Doctors Selecting an EMR Getting Hung on Small Details

One day, recently, I took a phone call from a local general practitioner who wanted to ask me more about a particular EMR system he was interested in trying.  He wanted to ask if the system would allow his staff to search for the next available slot on the calendar when scheduling a patient. While this EMR software  allows one to look at a weekly view of a doctor’s calendar, the particular function in which the computer searches for you, thus replacing a function of the front desk ancillary staff, does not exist.  When I said that, no, the particular system he was considering would not do that, but that the EMR has a lot of other great features, he said, well, it would be a major problem for his staff to have to search on their own, and so he would look for another EMR system.

I do hope that this doctor finds what he is looking for in an EMR system, but I also wonder if doctors aren’t getting hung up on EMR features that they imagine to be essential and it results in their failing to try or to adopt a particular EMR system.  However, it is certainly understandable that a doctor would want to start with the EMR system that meets as many of their needs as possible without causing a workflow change.  Knowing when to say when in the world of EMR selection is probably one of the hardest things currently facing doctors wanting to go digital.

About the author

Dr. Michael West

Dr. Michael West

Dr. West is an endocrinologist in private practice in Washington, DC. He completed fellowship training in Endocrinology and Metabolism at the Johns Hopkins University School of Medicine. Dr. West opened The Washington Endocrine Clinic, PLLC in 2009. He can be contacted at doctorwestindc@gmail.com.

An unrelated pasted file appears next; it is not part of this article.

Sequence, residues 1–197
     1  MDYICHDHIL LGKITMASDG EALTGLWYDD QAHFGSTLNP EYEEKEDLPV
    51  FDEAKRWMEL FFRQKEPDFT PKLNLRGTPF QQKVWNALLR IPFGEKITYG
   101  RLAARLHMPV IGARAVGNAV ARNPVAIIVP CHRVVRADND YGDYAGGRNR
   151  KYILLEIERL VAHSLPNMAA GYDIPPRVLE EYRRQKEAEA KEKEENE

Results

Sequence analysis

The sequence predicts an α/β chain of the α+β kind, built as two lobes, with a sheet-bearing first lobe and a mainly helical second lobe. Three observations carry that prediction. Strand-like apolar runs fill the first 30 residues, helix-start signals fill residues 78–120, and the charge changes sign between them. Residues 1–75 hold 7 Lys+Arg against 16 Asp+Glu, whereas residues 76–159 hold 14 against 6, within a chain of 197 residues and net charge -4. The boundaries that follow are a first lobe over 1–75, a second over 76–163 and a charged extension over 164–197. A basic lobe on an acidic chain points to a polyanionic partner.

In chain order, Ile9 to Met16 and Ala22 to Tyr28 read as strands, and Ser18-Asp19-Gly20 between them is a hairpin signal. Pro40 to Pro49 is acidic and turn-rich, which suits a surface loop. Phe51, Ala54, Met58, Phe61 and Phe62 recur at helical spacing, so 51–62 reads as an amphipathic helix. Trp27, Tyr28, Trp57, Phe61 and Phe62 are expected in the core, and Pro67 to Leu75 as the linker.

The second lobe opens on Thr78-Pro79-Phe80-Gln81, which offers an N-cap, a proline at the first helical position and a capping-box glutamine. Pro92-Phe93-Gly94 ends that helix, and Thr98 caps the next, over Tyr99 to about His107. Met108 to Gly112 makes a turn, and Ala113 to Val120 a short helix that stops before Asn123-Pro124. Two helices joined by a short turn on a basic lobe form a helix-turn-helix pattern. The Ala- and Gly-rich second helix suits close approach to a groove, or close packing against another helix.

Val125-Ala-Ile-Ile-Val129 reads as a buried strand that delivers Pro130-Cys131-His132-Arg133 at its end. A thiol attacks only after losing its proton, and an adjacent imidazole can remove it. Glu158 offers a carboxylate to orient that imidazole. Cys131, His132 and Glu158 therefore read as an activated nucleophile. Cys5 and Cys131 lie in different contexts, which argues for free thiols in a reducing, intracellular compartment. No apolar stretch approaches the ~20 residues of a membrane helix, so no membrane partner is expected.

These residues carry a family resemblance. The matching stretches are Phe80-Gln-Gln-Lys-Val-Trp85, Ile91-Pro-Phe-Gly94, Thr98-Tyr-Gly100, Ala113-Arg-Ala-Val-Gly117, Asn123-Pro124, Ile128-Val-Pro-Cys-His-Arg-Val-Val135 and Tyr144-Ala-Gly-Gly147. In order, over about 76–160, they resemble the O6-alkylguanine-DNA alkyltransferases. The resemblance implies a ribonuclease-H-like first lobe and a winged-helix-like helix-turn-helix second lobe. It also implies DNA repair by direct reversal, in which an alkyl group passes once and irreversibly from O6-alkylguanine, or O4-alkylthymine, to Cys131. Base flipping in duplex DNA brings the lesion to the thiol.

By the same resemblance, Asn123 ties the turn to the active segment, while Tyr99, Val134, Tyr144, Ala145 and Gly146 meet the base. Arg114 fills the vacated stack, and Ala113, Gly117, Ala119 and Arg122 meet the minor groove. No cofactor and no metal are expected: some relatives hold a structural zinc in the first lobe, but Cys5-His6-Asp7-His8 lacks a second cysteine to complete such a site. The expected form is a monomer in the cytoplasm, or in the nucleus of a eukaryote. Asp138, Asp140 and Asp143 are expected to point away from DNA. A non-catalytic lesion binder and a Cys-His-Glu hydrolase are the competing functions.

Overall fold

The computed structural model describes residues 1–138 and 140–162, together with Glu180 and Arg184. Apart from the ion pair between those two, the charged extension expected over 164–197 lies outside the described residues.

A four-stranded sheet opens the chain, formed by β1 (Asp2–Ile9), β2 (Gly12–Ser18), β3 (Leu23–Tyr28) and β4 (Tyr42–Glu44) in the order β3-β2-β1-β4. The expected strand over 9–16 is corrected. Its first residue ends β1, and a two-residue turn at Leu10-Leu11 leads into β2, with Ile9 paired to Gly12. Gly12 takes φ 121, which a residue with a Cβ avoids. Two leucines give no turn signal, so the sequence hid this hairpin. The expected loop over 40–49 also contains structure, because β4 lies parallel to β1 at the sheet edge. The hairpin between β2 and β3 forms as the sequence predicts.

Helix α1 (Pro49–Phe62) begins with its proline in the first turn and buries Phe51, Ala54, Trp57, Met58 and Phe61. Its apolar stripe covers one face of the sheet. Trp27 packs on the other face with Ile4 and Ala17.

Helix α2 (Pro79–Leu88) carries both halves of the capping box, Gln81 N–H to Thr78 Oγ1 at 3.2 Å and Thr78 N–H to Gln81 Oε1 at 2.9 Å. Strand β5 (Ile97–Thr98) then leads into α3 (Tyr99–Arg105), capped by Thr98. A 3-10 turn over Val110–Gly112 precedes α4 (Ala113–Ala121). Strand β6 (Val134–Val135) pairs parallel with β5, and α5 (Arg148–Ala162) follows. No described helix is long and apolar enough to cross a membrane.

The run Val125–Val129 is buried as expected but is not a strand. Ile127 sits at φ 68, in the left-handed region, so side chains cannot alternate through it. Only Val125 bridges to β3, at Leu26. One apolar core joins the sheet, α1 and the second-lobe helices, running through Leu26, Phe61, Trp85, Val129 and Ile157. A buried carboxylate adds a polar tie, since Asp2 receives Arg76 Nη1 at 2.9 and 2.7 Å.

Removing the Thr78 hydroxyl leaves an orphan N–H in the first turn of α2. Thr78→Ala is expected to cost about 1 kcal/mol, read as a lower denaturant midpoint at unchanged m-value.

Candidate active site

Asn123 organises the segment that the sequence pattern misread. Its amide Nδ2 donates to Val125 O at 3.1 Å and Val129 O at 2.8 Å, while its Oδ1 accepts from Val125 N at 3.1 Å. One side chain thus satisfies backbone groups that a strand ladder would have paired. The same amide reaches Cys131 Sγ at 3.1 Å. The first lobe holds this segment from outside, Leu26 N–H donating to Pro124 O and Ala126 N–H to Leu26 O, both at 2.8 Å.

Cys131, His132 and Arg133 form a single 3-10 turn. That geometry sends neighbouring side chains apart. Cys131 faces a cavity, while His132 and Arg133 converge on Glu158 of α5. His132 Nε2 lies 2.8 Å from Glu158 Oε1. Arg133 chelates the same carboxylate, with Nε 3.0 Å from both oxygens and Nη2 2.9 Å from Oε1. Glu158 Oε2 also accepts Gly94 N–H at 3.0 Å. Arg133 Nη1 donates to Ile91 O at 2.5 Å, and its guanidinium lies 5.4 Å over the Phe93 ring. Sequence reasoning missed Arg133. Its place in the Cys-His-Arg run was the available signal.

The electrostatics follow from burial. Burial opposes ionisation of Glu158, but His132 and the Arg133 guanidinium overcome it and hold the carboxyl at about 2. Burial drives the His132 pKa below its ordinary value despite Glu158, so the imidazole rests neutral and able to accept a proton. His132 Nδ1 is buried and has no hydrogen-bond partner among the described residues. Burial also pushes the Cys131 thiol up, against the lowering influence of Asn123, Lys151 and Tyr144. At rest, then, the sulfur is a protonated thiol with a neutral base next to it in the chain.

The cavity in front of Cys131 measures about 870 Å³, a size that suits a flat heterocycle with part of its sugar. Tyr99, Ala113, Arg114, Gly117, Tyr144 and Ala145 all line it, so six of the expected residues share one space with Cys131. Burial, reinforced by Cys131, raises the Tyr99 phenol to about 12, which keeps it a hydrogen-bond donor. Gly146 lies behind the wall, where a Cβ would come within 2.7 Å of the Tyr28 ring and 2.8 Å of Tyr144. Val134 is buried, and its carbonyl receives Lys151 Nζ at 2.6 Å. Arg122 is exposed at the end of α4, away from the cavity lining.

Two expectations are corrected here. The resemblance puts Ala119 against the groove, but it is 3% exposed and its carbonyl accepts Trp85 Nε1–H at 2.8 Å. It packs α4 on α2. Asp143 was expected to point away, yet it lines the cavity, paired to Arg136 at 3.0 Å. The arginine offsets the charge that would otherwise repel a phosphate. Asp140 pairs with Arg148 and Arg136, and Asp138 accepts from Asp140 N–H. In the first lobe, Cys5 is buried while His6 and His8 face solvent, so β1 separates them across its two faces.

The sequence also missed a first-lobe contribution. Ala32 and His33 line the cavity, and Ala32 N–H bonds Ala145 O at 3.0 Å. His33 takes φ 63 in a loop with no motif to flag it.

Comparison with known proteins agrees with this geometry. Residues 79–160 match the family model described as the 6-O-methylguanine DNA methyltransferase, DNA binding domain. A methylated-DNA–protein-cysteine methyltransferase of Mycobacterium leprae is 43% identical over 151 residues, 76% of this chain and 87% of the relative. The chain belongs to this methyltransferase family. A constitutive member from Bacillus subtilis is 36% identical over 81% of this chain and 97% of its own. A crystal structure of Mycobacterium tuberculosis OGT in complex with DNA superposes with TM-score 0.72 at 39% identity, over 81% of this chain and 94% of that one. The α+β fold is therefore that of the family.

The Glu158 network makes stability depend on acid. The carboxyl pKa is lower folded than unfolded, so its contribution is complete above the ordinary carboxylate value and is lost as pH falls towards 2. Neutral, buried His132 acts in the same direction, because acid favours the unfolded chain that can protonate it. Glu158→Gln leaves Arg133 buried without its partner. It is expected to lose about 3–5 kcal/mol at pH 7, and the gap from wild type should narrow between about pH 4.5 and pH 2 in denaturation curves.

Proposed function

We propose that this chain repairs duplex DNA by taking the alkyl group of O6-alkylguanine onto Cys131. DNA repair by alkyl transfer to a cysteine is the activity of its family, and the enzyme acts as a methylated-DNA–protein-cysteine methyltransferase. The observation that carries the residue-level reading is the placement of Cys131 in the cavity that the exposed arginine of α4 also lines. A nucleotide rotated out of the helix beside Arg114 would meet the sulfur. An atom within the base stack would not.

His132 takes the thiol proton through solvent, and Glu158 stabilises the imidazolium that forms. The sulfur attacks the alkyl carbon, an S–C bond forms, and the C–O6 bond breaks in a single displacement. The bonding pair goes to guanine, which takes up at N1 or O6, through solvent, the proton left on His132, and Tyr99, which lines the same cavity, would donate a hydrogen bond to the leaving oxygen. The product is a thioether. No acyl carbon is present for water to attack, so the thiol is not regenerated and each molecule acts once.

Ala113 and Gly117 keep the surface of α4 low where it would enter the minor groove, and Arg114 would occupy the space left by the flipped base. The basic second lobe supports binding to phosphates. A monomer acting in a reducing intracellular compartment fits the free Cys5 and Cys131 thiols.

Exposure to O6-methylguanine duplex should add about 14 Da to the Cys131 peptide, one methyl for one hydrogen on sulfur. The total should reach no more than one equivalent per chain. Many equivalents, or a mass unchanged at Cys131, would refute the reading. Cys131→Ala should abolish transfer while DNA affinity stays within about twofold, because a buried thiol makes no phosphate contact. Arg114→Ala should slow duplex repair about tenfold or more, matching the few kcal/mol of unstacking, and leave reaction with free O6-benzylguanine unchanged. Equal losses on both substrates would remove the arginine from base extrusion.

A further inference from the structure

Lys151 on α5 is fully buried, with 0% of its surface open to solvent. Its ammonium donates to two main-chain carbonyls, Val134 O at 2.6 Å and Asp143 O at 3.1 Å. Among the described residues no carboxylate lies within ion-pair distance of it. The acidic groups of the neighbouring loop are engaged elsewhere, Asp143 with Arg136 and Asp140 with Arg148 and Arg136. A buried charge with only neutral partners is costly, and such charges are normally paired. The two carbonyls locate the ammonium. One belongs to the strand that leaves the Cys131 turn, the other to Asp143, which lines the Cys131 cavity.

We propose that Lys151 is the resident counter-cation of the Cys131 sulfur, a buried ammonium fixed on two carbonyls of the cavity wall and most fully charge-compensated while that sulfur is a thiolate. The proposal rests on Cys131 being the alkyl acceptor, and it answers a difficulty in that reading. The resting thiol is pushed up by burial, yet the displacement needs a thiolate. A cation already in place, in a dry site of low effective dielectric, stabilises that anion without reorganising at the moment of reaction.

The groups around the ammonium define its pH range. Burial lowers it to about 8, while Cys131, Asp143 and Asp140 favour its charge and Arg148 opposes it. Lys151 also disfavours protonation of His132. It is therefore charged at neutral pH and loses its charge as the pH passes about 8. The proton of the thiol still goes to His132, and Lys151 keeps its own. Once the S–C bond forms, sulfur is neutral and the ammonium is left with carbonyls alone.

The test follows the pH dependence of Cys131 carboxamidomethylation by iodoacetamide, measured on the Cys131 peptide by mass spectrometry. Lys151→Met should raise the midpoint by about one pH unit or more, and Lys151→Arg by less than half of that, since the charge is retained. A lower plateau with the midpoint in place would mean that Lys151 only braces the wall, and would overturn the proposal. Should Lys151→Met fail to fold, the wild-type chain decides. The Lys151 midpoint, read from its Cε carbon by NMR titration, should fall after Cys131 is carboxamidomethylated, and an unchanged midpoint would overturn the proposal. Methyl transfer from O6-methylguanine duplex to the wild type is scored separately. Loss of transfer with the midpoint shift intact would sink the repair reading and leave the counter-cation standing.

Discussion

2 Comments

  • It’s easy to get hung up on details that are of little consequence but for any organization with, say, more than 10 healthcare professionals, a “look-ma-no-hands” appointment search is not a detail.

    Not only do you save having to print out provider schedules, a “next-available time slot” is fast, patient-centric, and does auto-resource allocation and workload leveling across providers.

    You can have any number of parameters for an appointment search (medical specialty, location, language, cultural compatibility, type of appointment) and a system of the type I am describing will immediately give you the first 10-20 available time slots. For wait lists, you can do a search once, save the search criteria then piano play the search each day, which saves a lot of time.

    For behavioral health where group sessions are common, the time slot picker will take into account the capacity of the group to avoid overbooking.

    Efficiency does not end here – given a confirmed appointment, you are one click away from a progress note and e-Rx order and you can also record no-shows, cancelled appointments etc and by encoding appointments, you are again, from the appointment itself, one click away from auto posting of a charge line.

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